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Suza Scalora Headshot

Miracles and Monks

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On a recent trip to the dreamy sun-washed landscape of Newport Beach, Calif., to celebrate the second birthday for the Center for Living Peace, my friend Kelly Smith's labor of love that brings peacemakers from the community and abroad to inspire people to live peace, I indulged in vast amounts of green juice and detox tea, ate too much vegan carrot cake and met a Buddhist monk.

During that meeting, a miracle happened.

Messages arrive when we are open and ready to receive them. The word "miracle" elicits images of enormous events of significant magnitude, such as surviving a life-threatening illness or intervention from an angel in a catastrophic accident. Miracles come in all shapes and sizes. But sometimes, a miracle can be a shift in one's perception, as A Course In Miracles explains.

On this particular occasion the messenger of miracles was Lama Tenzin, a Buddhist monk and emissary for His Holiness the Dalai Lama. His kindness and serene presence are an inspiring affirmation to living peace. He shared his insights on love and peace with Kelly and me. Quietly, he said, "Our mind is like a mirror, and what we place in front of our mind is what we reflect inward and outward. Our mind reflects the world to us."

Instantly, I was reminded of a similar idea in Dr. Norman Peele's groundbreaking book, The Power of Positive Thinking, in which he says, "Reality is the mirror of your thoughts. Choose well what you put in front of the mirror." Although, Dr. Peele wasn't a Buddhist monk he was a messenger of miracles, too.

Lama Tenzin spoke of Buddhist monks who go away on silent retreats for several years to purify their minds. I asked him about those of us who live in the world, and consequently encounter a myriad of life situations and challenges. His response was, "Victory is not reacting to a negative mind."

Yes.

True victory is not reacting to a negative mind. Of course, this may sound easy in theory, but let's get real. How do you break the habit of negativity? And, while we're on the topic, where is this negative thinking coming from?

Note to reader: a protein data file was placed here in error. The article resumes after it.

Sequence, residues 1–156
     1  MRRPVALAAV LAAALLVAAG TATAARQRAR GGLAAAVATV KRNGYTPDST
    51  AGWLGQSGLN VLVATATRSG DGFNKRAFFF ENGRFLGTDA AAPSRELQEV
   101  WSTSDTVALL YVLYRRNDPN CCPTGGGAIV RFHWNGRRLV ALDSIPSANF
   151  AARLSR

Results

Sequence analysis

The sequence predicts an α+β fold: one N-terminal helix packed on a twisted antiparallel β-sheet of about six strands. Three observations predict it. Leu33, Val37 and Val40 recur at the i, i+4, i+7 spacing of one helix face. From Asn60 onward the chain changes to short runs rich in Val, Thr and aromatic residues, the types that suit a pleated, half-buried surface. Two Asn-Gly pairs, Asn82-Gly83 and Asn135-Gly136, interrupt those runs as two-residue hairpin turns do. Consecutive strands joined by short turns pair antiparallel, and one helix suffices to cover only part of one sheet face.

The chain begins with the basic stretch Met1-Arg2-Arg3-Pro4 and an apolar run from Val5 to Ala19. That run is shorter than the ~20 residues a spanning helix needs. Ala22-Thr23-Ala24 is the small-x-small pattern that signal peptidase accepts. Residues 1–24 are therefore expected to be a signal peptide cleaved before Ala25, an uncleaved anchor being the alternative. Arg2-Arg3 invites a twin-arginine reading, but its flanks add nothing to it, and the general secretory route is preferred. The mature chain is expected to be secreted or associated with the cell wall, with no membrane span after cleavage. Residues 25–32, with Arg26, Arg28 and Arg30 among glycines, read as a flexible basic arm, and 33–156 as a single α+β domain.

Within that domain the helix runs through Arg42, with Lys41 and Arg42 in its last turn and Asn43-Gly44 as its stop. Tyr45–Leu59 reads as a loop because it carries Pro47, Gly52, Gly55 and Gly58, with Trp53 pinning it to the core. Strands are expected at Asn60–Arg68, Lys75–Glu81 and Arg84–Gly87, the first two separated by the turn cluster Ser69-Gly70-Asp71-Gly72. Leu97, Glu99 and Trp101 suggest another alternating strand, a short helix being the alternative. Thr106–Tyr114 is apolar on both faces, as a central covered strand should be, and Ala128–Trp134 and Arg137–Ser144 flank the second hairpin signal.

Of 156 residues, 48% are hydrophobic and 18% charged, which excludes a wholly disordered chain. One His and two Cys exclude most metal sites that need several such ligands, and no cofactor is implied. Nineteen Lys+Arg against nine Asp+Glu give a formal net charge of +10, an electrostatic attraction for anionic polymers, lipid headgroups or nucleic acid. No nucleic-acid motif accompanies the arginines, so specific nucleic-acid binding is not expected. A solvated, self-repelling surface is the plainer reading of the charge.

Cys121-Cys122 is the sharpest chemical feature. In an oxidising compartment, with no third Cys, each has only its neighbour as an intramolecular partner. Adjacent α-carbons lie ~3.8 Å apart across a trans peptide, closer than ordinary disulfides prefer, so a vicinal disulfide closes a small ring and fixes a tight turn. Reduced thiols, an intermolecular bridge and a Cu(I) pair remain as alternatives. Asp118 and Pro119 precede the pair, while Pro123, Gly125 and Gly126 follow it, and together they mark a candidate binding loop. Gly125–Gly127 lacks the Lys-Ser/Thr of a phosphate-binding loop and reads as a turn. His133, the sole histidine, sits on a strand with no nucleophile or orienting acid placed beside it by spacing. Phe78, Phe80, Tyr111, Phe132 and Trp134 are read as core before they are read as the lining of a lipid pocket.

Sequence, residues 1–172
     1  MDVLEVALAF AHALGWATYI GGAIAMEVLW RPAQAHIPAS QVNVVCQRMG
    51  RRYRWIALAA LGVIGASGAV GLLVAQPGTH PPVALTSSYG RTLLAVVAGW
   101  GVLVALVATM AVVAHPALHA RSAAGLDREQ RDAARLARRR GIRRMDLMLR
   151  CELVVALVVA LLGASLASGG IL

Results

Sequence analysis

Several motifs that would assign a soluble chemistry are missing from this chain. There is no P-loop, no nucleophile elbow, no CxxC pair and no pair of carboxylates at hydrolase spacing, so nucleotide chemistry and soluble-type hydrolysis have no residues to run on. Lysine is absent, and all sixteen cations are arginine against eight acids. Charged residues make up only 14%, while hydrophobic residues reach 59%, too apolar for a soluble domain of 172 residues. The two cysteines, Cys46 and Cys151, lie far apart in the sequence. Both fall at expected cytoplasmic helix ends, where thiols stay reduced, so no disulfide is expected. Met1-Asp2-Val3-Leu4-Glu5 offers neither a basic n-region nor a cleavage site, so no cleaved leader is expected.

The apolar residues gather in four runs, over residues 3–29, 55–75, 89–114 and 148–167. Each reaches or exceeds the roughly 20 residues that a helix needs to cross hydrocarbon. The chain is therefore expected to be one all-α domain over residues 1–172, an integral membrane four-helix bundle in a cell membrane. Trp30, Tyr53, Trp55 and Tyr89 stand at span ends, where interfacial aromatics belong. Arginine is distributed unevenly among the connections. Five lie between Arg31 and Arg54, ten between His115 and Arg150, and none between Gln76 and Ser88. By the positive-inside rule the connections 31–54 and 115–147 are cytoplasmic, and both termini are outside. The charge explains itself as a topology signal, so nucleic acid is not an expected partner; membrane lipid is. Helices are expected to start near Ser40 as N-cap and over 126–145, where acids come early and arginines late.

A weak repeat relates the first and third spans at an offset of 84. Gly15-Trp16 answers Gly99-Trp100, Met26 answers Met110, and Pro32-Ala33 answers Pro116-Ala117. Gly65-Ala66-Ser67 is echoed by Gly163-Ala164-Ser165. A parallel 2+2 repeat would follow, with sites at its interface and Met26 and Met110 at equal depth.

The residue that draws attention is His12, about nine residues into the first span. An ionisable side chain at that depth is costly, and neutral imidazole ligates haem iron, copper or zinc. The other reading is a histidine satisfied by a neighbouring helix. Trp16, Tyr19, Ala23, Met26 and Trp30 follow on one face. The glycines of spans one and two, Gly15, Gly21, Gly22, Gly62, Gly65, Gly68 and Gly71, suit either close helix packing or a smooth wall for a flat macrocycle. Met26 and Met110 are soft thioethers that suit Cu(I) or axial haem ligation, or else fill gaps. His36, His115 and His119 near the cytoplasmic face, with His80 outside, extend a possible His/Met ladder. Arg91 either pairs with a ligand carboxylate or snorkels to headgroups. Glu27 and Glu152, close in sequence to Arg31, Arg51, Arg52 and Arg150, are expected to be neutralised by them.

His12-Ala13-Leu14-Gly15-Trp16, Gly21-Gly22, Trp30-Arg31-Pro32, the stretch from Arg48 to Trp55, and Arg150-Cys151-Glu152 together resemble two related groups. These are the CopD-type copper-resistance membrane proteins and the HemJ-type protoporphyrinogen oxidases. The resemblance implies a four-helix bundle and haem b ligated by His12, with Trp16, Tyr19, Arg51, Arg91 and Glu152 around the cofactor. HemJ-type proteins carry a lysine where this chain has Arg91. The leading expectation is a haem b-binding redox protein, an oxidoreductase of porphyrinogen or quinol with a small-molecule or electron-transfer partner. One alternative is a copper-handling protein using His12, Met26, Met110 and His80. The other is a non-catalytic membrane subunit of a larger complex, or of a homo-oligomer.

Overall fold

We've all experienced the strength of negative thoughts. If we are not aware in the present moment they can quickly sneak up on us and drag us down the rabbit hole of disconnection, despair and depression.

Near the end of Lama Tenzin's visit he was asked if he believed global peace would one day become a reality. After a long pause he said, "The enemy is within."

He then pointed out: Love exists within each of us, as does the enemy.

How often do we believe the enemy is someone or something outside ourselves?

So... if the enemy is within, then what exactly is this villainous darkness lurking inside all of us? Fear. False Evidence Appearing Real.

Fear is the consummate shape-shifter, disguising itself in many forms: anxiety, stress, worry, overwhelm, blame, judgment, gossip, anger, hate, resentment, and criticism.

In words of the great Viktor Frankl: "When we are no longer able to change a situation, we are challenged to change ourselves."

The duality of love and fear live within each of us. The good news? We are all one choice away from a miracle that will change our lives, and consequently the world. The choice is simple: love or fear.

As I finish writing this blog an email arrives with a quote by William James: "If you can change your mind, you can change your life."

Perfect.

For more by Suza Scalora, click here.

For more on mindfulness, click here.

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